deux couples de fricatives H2/H3 sonores et il en résulte deux fricatives H1
sourdes, en opposition phonologique avec H2/H3, à savoir partageant le même lieu
articulatoire et s’opposant par le seul trait : sonore ~ sourde. D’autre part, si l’on
accorde crédit au système glottalique, /?/ existe aussi, en tant que primitive
Il existe une hypothèse remontant simultanément à Edward Sapir et à Antoine
Meillet que les laryngales H1 et H2 puissent se durcir pour donner -k-. Un
bon exemple est le féminin régulier latin imperâtor, formé avec le suffixe régulier
-iH1-, qui se dit imperâtri-k-s au nominatif singulier (-s#). La racine *gwiH3 vivant
donne quick en anglais, dans lequel la finale -ck n’est sans doute pas un suffixe
mais le durcissement de H3. Il a donc de fortes raisons de penser qu’à côté des
glottales et des pharyngales, il a existé une série vélaire/uvulaire /x/ /γ/ /γw/. Le
hittite fournit des indications internes dans ce sens. A côté des formes isḵisa
« dos », tetḵissar « tempête » et hamesḵanza « printemps », il existe des variantes
ishisa, tethessar et hameshanza. En outre, le nom de personne Giluhepa, d’origine
hourrite, est écrit <Krgp> en égyptien hiéroglyphique. La vélarité de certaines
réalisations « laryngales » est donc indéniable d’après un faisceau de données
internes et externes.
38. Nous ne connaissons pas de cas de ce type et l’auteur n’en donne pas.
Au final, il existe un ensemble convergent de constats :
– des alternances internes au hittite,
– des transcriptions en langue étrangère,
– des correspondances duales à l’intérieur du corpus indo-européen.
La théorie orthodoxe limitant à trois valeurs phonétiques les laryngales nous
paraît intenable. Les données amènent à postuler des systèmes plus riches. Le
proto-système, que nous proposons pour l’indo-européen, présente au minimum
l’inventaire phonologique suivant :
Mode/Lieu Glottale Pharyngale Vélaire/Uvulaire
Sourd H1.b */H/ H1.c */x/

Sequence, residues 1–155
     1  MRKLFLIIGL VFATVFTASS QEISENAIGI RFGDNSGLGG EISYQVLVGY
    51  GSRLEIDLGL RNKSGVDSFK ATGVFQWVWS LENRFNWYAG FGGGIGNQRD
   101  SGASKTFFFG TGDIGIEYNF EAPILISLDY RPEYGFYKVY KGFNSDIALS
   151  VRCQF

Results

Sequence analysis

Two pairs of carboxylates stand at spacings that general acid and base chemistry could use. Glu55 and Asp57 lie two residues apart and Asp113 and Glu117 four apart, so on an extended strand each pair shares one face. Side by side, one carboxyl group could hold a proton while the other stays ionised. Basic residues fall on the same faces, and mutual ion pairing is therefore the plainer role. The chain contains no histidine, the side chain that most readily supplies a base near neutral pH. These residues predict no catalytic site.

Sonore H2.b */‘/ H2.c */γ/
Glottalisé H0.a */?/
Labialisé H3.b */‘w/ H3.c */γw/
Dans l’état actuel du dossier indo-européen, il nous semble qu’on ne peut plus
progresser sur des bases internes. Nous allons maintenant examiner les données
extérieures, macro-comparatives, en particulier les données sémitiques.
Les données macro-comparatives
Commençons par H1 qui a deux valeurs possibles : /ḥ/ ح et /ḫ/ .خ
Racine i.e. Pokorny 703 *mê √ m_H1 mesurer (entre autres le temps) (moment, mois,
Racine i.e. Pokorny 731 *mên-ôt √ m_H1-n mois, lunaison, lune.
Gotique mel [me :l] « temps »
Lituanien métas « temps, année »
Hittite me-hur « temps »
Hittite me-e-hu-e-ni [meḥweni] « temps »
Latin mensis, Grec mênê « mois »
Anglais moon, month « lune, mois »
Arabe maḥwat « heure, moment »
Hébreu maḥzor « cycle, révolution (des astres) »
Hébreu maḥzor hayareaḥ « lunaison (cycle de la lune) »
Cette racine serait √ m_ḥ1.b [m_ḥ] avec une pharyngale.
Racine i.e. Pokorny 666 *lê(i) √ l_H1 faible, mou, lent, en retard
Latin lênis « doux ; calme, lent »
Lituanien lenas « calme, lent »
Lette léns « paresseux, doux »
Vieux slave lenu « indolent »
Latin lentus « indolent ; lent, long »
Grec elînuô « se reposer »
Arabe laḥḥ « lent, paresseux, rétif (un animal) »
Arabe laḥlaḥ « rester à sa place et ne pas bouger »
Arabe laḥam « ne plus vouloir avancer »
Arabe laḫamat « lent et paresseux » (variante avec x au lieu de ḥ)
Latin lentus « mou, souple »
Arabe laḫi‘ « être lâche et flasque (chairs) »
Arabe laḫmat « langueur et flacidité du corps »
Latin lassus « fatigué »
Arabe laġab « être très fatigué »
Il y aurait trois racines différentes : *√ l_H1.b *√ l_H1.c *√ l_H2.c
Racine i.e. Pokorny 661 *lei-(bh) faible, affamé
Grec lîmos « faim » < *liH-mos 39
Arabe lataḥ « avoir faim »
Arabe latḥân, latḫân « affamé »
Arabe mulḥûb « décharné »
Arabe malḥûs « décharné »
Arabe laḥab « être très maigre (de vieillesse) »
Arabe laḥiq « être mince »
Il y a une seule racine : *√ l_H1.b.
Racine i.e. Pokorny 662 *s-lei- mucus, boue
Latin lentus « visqueux, tenace »
Anglais slime « mucus » <*s-lî-m
Allemand Schlei « tanche » (cf. balto-slave)
Arabe laḥḥ « avoir les paupières collées »
Arabe laḫij « être couvert de saletés visqueuses (paupières, yeux) » (Variante avec ḫ)
Arabe multaḥimat « conjonctivite »
Hébreu laḥmît « conjonctivite »
Il y a une seule racine : *√ l_H1.b.
Racine i.e. Pokorny 683 *lêu- chant
Latin laud « éloge »
Allemand Lied « chant » < *leH-ut
Arabe laḥn « son, mélodie, chant »
Hébreu laḥan « air, mélodie »
Il y a une seule racine : *√ l_H1.b.
Voir plus loin le nom de l’alouette.
Racine i.e. Pokorny 662 *lei- /*leu- enduire, oindre ; souiller, tacher
Latin lînô « oindre »
Irlandais as-len-aim « je souille »
Grec lûma « souillure, ordure »
Arabe laḫḫ « oindre, imprégner »
Hébreu liḫlûḫ « saleté, crasse »
Hébreu liḫleḫ « salir, souiller »
Il y aurait 1 seule racine : *√ l_H1.c.
39. Ce schème apophonique i_o est inhabituel en indo-européen.
Racine √ H1.b_d un
Slave *od *ed « un »
Arabe ’aḥad / waḥid « un »
Les exemples avec H2 qui a trois valeurs possibles : /’/ ع /‘/ , أ et /ġ/ .غ
Racine i.e. Pokorny 4 ag √ H0.a_g mener, guider
Latin agô « pousser devant soi, faire avancer »
Latin agmen « troupe d’hommes »
Arabe ’ajâ’ « forcer, contraindre à quelque chose »
Arabe ’ajl « troupeau ; troupe d’hommes »